The predicted amino acid sequences of members form a distinct lineage within the family (Figure 1. . Alphaherpesvirinae). A region of the genome comprising the unique short sequence (US) and flanking internal and terminal inverted repeats (IRL/TRL and IRS/TRS) contains genes that are specific to the subfamily. Most members have a class 3 or 4 genome architecture (Figure 2. Herpesviridae and Figure 3. Herpesviridae). Many members of the family with the highest G+C content belong to this subfamily. Splicing is rarer than in members of the other subfamilies.
Figure 1. Alphaherpesvirinae. Phylogenetic relationships within the subfamily Alphaherpesvirinae. Alignments of predicted amino sequences (Resource 1) were performed using MUSCLE (Edgar 2004). Phylogenetic trees were computed from the alignments (Resources 2–4) using the neighbor-joining method (Saitou and Nei 1987) with 500 bootstrap replicates (Felsenstein 1985). Evolutionary distances were computed using the Poisson correction method (Zuckerkandl and Pauling 1965) and are in the units of the number of amino acid substitutions per site. The alignments and default midpoint-rooted trees were produced using MEGA 7 and MEGA X (Kumar et al., 2016, Kumar et al., 2018). The viruses are represented by systematic names that parallel the species names (e.g. HSV1 is denoted human alphaherpesvirus 1 to parallel the species Human alphaherpesvirus 1). Resource 1 provides correspondences to virus names where these differ from systematic names. Coloured circles denote individual genera within the subfamily. This phylogenetic tree and corresponding sequence alignment are available to download from the Resources page.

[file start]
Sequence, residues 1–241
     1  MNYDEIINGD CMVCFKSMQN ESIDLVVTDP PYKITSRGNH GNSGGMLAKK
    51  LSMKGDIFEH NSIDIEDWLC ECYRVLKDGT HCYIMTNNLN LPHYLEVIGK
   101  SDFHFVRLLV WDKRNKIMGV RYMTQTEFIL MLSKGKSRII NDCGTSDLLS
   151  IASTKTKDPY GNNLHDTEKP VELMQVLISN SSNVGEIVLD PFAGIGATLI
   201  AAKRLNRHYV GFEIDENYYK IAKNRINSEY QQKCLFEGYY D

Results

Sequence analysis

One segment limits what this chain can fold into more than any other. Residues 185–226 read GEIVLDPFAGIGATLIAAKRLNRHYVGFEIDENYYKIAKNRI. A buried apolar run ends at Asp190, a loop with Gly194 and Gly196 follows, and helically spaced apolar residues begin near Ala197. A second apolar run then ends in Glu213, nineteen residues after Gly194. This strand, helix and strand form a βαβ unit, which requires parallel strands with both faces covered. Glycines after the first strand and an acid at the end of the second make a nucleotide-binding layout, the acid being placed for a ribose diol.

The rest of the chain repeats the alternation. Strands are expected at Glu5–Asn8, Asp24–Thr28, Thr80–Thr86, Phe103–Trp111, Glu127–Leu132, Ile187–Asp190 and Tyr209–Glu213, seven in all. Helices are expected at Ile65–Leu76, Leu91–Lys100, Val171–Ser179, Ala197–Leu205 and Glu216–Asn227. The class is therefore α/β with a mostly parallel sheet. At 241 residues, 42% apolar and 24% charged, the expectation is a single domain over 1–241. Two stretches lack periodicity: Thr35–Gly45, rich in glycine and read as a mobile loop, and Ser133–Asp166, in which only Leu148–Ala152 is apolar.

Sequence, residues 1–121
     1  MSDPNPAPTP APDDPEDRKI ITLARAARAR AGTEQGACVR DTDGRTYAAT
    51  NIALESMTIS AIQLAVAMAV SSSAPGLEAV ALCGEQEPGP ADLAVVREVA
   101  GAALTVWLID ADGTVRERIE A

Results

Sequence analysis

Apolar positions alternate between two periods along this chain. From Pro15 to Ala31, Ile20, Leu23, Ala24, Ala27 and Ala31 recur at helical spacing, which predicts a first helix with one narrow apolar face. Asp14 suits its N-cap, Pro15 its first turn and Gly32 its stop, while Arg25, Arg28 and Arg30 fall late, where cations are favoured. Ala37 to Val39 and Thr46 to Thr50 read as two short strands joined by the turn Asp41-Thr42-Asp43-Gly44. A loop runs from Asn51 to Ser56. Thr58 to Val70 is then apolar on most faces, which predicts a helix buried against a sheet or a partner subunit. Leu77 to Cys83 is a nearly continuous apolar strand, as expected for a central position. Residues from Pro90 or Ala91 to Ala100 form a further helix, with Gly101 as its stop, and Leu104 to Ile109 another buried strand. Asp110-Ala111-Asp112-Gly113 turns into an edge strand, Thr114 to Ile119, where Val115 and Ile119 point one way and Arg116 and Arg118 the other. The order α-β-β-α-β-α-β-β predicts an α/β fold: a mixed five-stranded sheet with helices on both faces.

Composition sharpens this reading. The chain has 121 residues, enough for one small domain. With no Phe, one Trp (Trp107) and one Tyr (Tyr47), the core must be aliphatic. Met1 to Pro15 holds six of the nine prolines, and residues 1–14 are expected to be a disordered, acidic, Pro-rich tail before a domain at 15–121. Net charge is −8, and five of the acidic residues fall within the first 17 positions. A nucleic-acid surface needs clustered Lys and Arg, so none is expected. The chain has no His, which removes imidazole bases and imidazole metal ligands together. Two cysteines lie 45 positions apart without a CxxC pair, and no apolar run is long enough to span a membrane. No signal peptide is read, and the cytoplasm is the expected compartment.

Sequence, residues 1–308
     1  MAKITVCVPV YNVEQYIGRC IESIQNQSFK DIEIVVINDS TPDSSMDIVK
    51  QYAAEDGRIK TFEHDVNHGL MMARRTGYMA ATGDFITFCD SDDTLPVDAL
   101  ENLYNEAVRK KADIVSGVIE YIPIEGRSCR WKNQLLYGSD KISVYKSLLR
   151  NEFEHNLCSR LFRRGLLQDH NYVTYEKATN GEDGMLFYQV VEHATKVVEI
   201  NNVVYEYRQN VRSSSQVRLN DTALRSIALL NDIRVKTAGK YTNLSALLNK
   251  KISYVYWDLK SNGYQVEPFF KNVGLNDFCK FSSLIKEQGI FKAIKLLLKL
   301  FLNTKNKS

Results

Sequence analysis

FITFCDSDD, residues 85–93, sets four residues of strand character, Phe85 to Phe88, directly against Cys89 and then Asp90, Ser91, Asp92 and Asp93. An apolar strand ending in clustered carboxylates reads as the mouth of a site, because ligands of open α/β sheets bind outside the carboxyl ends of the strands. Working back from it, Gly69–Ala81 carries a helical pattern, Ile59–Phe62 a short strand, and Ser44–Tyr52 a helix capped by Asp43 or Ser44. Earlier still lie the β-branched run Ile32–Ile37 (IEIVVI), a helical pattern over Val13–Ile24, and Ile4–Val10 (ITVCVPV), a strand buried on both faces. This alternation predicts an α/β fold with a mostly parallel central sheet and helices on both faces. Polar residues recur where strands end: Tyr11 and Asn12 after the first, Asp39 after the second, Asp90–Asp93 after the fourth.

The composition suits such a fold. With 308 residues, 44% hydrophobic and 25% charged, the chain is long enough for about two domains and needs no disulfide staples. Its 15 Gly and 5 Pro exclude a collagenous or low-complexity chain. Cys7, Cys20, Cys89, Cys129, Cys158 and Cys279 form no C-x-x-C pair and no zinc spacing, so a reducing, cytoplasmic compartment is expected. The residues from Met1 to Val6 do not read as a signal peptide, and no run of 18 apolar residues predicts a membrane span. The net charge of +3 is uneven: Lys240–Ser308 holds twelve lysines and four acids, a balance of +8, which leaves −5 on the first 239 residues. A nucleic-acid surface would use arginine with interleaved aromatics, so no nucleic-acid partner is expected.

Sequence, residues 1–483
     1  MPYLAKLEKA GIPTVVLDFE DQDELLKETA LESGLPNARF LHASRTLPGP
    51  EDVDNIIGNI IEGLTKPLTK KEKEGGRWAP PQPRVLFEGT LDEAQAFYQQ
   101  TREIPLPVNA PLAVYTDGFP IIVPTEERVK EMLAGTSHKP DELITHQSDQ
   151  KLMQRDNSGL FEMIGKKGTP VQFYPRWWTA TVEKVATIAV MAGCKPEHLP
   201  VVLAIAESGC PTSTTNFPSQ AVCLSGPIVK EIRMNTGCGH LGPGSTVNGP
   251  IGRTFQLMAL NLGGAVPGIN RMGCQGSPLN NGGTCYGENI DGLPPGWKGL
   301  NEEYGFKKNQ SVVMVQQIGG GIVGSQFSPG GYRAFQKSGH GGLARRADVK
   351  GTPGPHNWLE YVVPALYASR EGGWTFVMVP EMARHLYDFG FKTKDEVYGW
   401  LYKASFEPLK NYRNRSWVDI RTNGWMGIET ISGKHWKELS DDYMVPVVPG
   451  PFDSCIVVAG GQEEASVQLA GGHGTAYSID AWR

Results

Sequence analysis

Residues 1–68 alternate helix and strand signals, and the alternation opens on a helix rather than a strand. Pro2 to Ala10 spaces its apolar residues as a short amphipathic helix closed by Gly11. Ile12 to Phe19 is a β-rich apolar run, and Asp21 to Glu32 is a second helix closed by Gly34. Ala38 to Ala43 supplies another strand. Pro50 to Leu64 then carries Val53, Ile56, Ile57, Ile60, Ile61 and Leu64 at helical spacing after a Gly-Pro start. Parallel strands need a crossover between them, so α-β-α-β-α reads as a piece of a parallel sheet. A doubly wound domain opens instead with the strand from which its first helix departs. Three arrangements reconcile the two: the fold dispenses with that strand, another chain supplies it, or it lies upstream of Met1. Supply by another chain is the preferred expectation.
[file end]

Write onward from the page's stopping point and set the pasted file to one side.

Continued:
Members have been found in a wide range of mammalian hosts and also in avian and reptilian hosts. They have a broad host cell range in cell culture, with a relatively rapid cytolytic productive cycle. Latent infection is established in neurons in vivo, although other sites have also been reported.
Genus demarcation criteria
See discussion under family description.